Wage theft offence to be introduced and underpayment penalties to increase

9 December 2020

As has been widely reported, the Morrison Government is set to introduce its IR reform Bill later this week.

The IR Minister (Christian Porter MP) has announced that to combat underpayments, the Government’s Bill will introduce a criminal offence of wage theft. The offence:

  • will apply to national system employers who dishonestly engage in a deliberate and systematic patterns of underpayment;
  • will not apply to inadvertent mistakes or miscalculations;
  • will carry a maximum penalty of $1.11 million and imprisonment for up to 4 years for individuals and fines of up to $5.5 million for corporations.

The Government has also announced that the Bill will:

  • increase the maximum penalties for ‘ordinary’ underpayments from $13,320 to $19,980 for individuals per contravention, while penalties for corporations (including small businesses), will increase from $66,600 to $99,900 per contravention;
  • introduce penalties for larger corporations, which will be based on two times the benefit obtained or a $99,900 fine (whichever is higher);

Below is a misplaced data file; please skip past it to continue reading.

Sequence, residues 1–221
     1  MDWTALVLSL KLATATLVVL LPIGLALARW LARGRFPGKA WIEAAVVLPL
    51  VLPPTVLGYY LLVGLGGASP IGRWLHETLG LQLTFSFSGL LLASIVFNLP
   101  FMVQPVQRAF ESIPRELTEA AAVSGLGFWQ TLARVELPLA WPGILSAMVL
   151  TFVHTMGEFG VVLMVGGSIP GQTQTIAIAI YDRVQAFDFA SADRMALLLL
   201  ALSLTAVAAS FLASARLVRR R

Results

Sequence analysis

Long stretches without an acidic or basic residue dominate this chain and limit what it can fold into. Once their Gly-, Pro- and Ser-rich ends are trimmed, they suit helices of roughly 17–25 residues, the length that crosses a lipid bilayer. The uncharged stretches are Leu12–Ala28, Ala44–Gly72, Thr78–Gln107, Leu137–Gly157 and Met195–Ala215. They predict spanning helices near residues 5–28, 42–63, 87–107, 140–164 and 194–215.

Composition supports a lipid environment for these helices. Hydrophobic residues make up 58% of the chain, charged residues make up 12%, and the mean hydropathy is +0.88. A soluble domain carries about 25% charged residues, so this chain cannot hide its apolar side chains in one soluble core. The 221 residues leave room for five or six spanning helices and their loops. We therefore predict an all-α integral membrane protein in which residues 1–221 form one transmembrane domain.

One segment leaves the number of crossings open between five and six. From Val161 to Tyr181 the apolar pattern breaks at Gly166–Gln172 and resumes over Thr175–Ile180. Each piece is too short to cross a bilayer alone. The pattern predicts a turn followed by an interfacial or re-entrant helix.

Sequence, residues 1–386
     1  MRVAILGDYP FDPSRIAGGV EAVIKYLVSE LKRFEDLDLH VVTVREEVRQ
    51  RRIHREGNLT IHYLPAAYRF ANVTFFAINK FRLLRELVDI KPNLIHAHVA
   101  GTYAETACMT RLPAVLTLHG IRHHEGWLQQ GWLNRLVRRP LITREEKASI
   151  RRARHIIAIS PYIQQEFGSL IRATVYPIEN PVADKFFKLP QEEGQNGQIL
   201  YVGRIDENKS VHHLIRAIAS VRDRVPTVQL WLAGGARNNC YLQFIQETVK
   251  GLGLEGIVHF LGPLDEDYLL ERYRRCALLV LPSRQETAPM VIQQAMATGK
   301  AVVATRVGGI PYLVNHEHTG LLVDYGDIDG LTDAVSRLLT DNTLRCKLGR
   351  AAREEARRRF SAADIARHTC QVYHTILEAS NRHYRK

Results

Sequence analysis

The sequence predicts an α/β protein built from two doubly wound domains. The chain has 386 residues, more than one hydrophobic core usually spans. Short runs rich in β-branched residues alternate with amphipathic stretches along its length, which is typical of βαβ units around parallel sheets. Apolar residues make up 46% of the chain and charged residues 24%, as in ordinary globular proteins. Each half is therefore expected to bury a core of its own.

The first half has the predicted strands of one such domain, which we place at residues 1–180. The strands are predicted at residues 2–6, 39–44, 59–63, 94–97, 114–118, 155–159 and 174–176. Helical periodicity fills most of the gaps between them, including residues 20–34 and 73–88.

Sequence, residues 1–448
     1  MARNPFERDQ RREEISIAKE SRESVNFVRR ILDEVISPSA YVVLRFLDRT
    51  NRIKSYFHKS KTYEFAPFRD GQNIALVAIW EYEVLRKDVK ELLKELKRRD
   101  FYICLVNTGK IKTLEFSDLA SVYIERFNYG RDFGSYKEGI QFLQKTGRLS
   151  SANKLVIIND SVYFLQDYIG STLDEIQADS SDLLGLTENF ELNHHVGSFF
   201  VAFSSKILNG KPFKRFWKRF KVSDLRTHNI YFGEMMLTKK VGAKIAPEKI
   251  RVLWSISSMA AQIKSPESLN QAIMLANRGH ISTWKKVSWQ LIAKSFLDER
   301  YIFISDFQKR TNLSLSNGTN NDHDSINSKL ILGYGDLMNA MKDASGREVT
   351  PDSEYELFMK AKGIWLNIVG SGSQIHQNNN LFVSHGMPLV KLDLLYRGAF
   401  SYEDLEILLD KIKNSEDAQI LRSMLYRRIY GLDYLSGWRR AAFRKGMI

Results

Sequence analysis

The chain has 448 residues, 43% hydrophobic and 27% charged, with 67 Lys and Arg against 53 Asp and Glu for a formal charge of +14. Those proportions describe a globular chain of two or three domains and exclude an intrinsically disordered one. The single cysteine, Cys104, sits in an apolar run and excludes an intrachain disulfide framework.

• introduce penalties for serious underpayments by larger corporations, which will be based on three times the benefit obtained or a $666,600 fine; and
  • increase infringement notice fines, penalties for sham contracting and penalties for failing to comply with compliance notices issued by the Fair Work Ombudsman by 50%.

Employers are encouraged to review the entitlements provided by the National Employment Standards, modern awards, enterprise agreements and contracts of employment to ensure compliance and to minimise the risks of underpayments.

EMA Legal can assist employers with any concerns they may have regarding employee entitlements and potential underpayments.

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